Why Deadhead Your GardenJul 31, 2017 0 Blog, Curb Appeal, Garden, Landscape Architecture, Plants
An often overlooked maintenance for your gardens is deadheading or removing spent flowers. Your garden will thank you and provide blooms longer and more beautiful if you take the time to deadhead.
We deadhead flowering plants for several reasons. It extends the bloom period, removes the seed source of species that could become weedy, and maintains the health of our flowering garden plants.
Many plants will bloom again if the flowers are removed. This is due to the life cycle of the plants having the ultimate goal of producing seed for the next generation. If we interrupt that process the plants will continue to try and complete their genetic programming.
Flowering plants are capable of producing a large seed bank containing 100s or even 1000s of seeds each year. The germination of these seeds has a couple of unexpected consequences. First, many times the seedlings will not match the original plant due to the complex breeding required to produce the mother plant.
Second, these seedlings could crowd out the mother plant. Deadheading these species before the seed are produced will alleviate the problems of unwanted seedling germination. Deadheading is also needed for plants that we grow for the foliage like Coleus. Removal of the non-showy flowers will allow the colorful foliage to be the focus.
The overall health of your flowering plants can be increased through deadheading. The production of seed (from the genetic programming to produce seed) requires a tremendous amount of energy from the plant, so much so that the plant will sacrifice all vegetative growth in order to produce the next generation. By removing the spent flower heads the plant can be maintained in a more vegetative growth stage through which the stems, leaves, and most importantly the root system will continue to grow.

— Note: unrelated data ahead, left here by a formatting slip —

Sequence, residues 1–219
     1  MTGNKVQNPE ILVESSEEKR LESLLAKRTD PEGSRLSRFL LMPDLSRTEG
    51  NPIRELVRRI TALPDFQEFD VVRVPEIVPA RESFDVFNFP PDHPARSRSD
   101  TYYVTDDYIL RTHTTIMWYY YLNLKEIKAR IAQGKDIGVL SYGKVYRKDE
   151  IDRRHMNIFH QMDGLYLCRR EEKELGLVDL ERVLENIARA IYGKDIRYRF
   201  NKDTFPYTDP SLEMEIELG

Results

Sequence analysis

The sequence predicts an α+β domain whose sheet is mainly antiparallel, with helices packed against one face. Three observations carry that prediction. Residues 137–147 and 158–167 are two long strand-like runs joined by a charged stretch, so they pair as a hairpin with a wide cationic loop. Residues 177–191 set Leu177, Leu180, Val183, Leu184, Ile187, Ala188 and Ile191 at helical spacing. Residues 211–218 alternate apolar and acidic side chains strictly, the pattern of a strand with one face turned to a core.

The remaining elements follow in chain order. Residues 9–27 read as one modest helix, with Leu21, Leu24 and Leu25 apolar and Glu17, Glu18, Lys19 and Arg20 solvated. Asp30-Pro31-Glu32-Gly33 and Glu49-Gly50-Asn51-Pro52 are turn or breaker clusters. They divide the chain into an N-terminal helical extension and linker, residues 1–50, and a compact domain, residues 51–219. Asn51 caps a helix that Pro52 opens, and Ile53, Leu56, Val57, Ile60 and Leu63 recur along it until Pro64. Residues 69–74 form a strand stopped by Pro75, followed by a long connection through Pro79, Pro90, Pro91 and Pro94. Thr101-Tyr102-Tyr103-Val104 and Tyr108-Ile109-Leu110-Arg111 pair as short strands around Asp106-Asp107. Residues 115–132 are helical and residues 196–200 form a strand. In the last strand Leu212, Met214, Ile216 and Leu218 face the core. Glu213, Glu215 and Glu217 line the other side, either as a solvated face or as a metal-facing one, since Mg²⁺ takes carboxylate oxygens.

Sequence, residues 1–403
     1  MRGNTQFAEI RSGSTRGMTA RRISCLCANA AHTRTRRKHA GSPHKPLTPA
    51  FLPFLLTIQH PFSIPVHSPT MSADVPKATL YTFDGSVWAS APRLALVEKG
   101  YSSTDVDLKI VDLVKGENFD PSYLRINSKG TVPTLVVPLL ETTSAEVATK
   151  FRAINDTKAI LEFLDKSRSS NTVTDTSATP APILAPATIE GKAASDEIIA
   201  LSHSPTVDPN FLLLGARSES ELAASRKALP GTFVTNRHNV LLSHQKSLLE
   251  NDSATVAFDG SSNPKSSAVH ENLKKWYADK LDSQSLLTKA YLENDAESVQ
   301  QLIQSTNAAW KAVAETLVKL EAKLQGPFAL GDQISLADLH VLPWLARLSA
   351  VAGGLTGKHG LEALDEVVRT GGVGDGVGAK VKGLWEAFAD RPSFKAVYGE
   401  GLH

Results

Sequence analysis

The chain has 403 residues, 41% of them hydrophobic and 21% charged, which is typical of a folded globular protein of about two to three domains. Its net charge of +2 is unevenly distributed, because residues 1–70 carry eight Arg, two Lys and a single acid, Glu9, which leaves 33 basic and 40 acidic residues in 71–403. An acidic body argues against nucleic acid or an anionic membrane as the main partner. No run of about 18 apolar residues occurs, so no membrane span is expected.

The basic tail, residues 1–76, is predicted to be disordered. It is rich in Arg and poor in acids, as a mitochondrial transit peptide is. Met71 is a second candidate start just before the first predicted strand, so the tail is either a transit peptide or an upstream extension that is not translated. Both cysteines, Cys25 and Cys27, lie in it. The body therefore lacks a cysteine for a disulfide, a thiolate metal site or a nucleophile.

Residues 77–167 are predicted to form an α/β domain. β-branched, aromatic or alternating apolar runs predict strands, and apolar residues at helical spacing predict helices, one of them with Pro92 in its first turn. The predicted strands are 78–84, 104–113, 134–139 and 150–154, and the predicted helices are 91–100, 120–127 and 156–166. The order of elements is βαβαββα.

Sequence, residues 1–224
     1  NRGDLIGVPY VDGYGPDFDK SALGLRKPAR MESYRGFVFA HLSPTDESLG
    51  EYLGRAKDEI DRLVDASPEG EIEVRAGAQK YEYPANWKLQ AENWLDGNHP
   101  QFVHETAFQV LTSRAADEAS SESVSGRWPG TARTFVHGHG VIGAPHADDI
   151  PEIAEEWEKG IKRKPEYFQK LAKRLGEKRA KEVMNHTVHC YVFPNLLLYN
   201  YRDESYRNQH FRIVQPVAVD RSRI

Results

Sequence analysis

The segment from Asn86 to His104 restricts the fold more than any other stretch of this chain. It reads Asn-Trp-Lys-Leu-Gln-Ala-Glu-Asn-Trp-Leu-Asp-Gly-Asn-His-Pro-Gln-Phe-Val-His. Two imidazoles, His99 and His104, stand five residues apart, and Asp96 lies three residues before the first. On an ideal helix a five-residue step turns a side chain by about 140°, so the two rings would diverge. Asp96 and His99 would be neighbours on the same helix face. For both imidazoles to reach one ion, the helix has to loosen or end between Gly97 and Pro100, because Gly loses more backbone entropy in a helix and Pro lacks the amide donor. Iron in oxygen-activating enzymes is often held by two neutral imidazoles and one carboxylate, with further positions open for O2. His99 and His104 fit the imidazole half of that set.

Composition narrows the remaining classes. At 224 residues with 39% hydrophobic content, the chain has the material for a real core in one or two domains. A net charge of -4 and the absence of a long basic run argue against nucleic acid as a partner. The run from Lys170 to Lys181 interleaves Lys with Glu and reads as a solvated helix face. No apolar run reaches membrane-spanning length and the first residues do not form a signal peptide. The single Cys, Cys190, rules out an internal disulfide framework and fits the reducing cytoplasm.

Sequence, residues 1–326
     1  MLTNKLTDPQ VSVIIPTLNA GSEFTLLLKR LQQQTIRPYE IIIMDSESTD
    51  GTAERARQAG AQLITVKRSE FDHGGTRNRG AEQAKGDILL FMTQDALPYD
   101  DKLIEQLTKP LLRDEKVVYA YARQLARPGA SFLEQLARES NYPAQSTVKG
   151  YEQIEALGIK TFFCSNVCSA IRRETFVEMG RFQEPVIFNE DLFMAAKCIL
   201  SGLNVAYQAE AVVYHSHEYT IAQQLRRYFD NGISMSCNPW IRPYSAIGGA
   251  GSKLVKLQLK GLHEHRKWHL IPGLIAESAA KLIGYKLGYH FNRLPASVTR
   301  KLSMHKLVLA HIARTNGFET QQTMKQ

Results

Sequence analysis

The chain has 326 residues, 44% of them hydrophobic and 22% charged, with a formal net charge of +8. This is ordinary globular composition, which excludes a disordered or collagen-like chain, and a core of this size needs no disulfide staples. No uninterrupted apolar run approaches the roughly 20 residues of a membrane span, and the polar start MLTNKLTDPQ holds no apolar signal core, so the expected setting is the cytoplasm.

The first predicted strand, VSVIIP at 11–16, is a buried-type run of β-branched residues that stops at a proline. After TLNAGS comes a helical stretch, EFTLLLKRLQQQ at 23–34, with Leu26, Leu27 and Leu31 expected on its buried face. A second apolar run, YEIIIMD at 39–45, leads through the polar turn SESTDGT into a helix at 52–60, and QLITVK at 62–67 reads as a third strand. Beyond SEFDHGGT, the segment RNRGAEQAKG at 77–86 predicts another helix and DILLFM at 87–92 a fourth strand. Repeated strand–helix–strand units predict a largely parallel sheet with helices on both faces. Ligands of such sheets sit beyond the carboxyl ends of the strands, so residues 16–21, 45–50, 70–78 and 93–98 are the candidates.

The procedure for deadheading will depend on the flowering characteristics of the plants themselves.
For plants having single flowers, such as Coreopsis or Echinacea, removing the flower stalk is all that is needed. You can increase bloom size by removing side flowers buds from lateral growth so more energy is sent to the main flower; this will also reduce any seed production pressure later in the season or next year.
Many of our flowering garden plants have clusters of flowers, such as Achillea and Heuchera. These can be more troublesome. All of the flowers do not mature at the same time and seed is produced over a prolonged period. As the flower cluster starts to fade, remove it, and allow the plant to produce new clusters.
Some plants like Dianthus produce flowers over the entire plant. Removing individual flowers would discourage even the most dedicated gardener, so simply shear the plant using snips or an electric trimmer being careful to only remove the faded flower heads.
Taken from http://extension.msstate.edu/